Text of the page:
I manage to get up when the alarm first goes off before 5. I hit snooze, set the phone back down on the table, put my head back down on the pillow, but I was awake. These words pushing through me every waking: The breeze at dawn has secrets to tell you — when did I stop listening?
Outside it’s still dark, the birds are still asleep.
Do I remember how to type this early, type to make my fingers work at just 5am? I’m working myself back toward this early morning schedule, this no one moving anywhere this schedule, this I am alone, free to let whatever words flow that want to, schedule.
The sound of the clock thick in my ears, the one I bought for my little office in the Flood building, the one that kept the pace for me there. That was 10 years ago. In ten years, I rose and fell and disappeared. That’s what it feels like.
I feel outside the thing that time makes of me.
I’ve been reading books in translation — Mexican, French, Brazilian, German — books written in in the 30s, 70s, 80s. What am I looking for except some distance from my own situation, the possibility that other kinds of writing can be acceptable, the possibility that my writing will be wanted somewhere. I’ve had a lot of rejection recently. Since before starting school, I wanted to crack the literary journal market, to try and figure it out. So I send the work out, into the ether, I send it via submittible or email, I study the submission guidelines, write up my brief cover letters, use the same mode and method that served me so well when I was mainly submitting to anthologies, but no one is biting. Rejection after rejection, all form letters, all impersonal, all no.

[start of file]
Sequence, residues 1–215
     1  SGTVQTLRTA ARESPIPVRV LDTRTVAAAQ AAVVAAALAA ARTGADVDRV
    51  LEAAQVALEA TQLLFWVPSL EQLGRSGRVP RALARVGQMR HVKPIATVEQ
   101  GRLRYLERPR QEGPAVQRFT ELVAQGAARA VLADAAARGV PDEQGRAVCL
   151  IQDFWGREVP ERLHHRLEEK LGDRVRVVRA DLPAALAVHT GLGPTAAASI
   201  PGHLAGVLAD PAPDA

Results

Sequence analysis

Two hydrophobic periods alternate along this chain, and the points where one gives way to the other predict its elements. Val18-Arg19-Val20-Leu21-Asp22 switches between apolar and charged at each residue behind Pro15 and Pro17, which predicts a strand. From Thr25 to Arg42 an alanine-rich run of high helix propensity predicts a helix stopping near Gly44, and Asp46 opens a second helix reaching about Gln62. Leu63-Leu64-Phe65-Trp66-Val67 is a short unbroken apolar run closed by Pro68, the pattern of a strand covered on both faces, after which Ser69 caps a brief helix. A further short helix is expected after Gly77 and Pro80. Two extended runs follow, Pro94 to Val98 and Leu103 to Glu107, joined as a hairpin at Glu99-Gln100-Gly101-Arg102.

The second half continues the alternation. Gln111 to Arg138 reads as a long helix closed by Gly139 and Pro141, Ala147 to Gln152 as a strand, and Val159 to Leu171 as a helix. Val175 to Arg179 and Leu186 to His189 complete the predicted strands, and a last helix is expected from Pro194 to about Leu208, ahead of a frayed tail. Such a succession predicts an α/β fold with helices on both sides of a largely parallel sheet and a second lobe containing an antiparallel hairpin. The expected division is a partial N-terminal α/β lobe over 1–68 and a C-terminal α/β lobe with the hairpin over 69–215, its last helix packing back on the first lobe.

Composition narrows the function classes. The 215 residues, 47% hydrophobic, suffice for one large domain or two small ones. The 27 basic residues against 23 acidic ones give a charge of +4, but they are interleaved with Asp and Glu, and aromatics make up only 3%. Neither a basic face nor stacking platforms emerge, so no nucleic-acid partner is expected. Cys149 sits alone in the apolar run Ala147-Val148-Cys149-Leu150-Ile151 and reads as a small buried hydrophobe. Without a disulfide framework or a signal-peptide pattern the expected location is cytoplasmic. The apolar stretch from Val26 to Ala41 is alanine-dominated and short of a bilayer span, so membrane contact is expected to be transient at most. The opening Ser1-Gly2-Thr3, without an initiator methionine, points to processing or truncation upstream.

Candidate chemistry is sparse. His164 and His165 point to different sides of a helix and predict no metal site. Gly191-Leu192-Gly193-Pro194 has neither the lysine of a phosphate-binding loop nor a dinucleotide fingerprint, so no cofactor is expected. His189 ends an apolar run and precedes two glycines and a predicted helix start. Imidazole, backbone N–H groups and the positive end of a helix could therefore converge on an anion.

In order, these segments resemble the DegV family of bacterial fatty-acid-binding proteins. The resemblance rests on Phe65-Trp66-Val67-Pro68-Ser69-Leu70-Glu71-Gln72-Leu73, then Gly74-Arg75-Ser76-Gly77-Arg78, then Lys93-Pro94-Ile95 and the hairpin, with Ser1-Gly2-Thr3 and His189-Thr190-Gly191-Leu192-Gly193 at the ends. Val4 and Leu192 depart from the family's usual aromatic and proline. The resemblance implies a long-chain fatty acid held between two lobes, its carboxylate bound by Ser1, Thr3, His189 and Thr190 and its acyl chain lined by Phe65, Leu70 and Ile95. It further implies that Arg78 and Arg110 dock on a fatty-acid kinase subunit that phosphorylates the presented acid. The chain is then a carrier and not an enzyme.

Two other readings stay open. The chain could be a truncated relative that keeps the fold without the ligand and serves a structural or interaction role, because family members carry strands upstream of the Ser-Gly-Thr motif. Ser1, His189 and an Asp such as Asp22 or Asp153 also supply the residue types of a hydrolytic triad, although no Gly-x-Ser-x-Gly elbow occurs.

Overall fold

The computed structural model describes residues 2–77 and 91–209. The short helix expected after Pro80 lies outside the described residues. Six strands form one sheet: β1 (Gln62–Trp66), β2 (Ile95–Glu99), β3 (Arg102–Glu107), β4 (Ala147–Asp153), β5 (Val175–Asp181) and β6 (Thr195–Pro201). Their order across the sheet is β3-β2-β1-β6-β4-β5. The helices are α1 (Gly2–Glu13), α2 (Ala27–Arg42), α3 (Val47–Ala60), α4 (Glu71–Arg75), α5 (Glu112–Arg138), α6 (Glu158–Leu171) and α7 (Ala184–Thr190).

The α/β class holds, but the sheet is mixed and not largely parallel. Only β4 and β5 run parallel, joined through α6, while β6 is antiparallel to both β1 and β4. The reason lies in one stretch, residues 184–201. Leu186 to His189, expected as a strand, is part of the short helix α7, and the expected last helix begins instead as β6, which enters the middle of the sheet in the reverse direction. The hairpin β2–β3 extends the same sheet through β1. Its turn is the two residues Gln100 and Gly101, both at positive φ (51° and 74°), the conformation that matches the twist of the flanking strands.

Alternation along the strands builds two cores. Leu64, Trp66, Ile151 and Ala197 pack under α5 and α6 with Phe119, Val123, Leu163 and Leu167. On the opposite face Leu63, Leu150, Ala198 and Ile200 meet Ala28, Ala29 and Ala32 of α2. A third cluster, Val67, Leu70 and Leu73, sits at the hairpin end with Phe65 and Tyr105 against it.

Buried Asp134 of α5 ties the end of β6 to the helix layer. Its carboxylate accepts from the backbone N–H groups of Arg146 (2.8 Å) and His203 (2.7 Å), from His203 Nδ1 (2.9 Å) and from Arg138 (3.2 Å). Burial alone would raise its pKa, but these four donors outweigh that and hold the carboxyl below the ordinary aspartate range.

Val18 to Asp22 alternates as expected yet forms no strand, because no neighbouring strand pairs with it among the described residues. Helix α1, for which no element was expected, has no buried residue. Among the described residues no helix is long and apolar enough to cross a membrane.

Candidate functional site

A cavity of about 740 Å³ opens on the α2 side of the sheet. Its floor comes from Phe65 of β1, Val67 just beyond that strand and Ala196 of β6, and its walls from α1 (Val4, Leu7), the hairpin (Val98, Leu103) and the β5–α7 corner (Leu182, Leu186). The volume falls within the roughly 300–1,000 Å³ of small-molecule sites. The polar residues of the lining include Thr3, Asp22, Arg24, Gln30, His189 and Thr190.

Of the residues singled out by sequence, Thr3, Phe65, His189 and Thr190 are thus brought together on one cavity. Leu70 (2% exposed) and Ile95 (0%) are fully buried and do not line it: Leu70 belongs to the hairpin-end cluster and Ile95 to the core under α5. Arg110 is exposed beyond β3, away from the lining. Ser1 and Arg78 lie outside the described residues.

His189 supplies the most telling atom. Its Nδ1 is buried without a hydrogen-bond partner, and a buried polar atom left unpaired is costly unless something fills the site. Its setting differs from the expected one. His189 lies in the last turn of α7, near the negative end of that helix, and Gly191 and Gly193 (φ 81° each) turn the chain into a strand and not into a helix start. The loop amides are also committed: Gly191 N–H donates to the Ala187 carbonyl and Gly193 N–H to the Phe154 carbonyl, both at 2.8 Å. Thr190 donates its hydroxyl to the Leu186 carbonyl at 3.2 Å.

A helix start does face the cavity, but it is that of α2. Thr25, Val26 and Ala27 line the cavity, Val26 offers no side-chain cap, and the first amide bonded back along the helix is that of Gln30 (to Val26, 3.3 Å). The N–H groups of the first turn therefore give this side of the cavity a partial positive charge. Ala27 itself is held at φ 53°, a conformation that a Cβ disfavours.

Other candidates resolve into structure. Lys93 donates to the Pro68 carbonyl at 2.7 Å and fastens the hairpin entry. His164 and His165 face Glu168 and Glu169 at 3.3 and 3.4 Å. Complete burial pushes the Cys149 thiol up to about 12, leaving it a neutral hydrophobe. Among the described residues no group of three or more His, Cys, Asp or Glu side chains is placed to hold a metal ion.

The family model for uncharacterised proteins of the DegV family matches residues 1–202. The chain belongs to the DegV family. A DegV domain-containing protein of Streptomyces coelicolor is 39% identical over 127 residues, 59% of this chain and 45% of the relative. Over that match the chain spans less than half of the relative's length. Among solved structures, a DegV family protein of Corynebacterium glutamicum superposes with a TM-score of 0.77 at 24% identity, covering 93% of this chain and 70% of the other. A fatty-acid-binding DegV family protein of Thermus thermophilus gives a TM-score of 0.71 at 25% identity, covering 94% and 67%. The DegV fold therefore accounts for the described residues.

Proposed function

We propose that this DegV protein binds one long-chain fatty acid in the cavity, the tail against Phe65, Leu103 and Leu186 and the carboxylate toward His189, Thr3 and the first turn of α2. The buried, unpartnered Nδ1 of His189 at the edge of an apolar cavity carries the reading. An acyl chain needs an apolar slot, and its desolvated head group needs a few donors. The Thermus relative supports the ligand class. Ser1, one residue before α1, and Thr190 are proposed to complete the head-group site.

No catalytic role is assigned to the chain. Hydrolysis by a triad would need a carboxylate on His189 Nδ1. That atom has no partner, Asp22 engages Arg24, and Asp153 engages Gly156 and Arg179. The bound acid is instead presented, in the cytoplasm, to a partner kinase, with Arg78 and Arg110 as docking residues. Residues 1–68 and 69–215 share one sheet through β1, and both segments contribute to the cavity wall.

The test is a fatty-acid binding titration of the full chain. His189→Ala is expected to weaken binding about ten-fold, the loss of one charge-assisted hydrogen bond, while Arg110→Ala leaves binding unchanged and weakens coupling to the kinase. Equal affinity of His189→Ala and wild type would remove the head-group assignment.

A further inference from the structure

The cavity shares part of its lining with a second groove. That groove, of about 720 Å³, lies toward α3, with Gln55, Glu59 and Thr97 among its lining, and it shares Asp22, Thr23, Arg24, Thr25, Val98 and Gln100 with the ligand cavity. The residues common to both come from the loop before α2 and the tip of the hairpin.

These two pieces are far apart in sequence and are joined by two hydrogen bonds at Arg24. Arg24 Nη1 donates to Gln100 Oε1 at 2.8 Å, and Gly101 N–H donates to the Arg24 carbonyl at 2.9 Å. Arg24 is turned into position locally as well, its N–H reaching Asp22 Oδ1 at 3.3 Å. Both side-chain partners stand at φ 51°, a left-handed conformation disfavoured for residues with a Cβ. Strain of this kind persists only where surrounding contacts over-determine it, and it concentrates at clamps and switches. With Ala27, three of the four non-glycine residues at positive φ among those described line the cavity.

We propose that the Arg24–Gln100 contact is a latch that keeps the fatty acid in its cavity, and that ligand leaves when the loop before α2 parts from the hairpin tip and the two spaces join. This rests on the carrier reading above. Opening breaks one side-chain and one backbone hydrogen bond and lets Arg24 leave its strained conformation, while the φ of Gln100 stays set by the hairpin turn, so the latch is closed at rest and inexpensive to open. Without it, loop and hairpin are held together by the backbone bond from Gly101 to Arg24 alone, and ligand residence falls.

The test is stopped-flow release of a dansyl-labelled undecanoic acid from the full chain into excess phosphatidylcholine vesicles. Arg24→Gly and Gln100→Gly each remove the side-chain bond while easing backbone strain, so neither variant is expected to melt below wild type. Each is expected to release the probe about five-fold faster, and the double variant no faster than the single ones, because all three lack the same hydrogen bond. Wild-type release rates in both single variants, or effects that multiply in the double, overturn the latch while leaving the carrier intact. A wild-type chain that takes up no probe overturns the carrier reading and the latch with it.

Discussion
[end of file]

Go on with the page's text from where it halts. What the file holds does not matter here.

It’s part of the game, the business. It’s part of what you have to get good at as a so-called professional writer, Jen, is being rejected. I tell myself this over and over, the good parent in my head, the business woman or whatever, the thing that has to sing the song of making sense, but I still get stung, feel less-than, thought that the book being accepted by a publisher meant that something had changed. And of course it does mean that. But I’m still playing by he same rules as everybody else — the rules of subjectivity and vice.
I fill the teacup, I move the candle to obscure the growing light, to keep the room darker longer, I don’t want the morning to rise yet. I just now found the dark I’ve been looking for.
Outside the garden is blossoming, and I am learning its fertility and dead zones, its quiet places, the stuff it hides and how it dazzles. The birds find their way to our feeders and we are getting to know each other. Sophie plays chicken with the wild turkeys, with the jays and crows that want to steal her kibble, with the California towhees that hop around like enormous mice.
I read Helene Cixous’s Coming to Writing, I read Clarice Lispector, I read books originally conceived of in languages I cannot speak. The idea that different possibility erupts that way, the idea that the language creates room for the thought, that there are ways of expressing and thinking and conceiving of the world that I cannot even imagine because I am in only this one language, this solid English brain, and of course even in translation I miss so much.
The depression lifts, moves around, resettles itself within me differently, but while it’s standing up to shake itself off, I can dance a little, I can breathe, I can see things better. I have a little more energy, strength, and manage to send off another submission. Tell myself it will probably be rejected — sour grapes do their work for us sometimes, protecting us from hurt we expect is on the way. The Sun says no; brand-new, just-launching journals say no; Modern Love says no. Fiction, poems, essays get rejected. I send them out again. Sometimes right away, but rarely. Usually I have to tuck in and lick my wounds for awhile. Soak in the self-pity, in the sense that everyone else can get published, just not me, I am doing something wrong. I don’t have the right voice, the right message, the right whatever all the editors are looking for. I know it’s subjective, but seriously: if all the readers who look at a thing say no, is the universe trying to give you a larger objective message?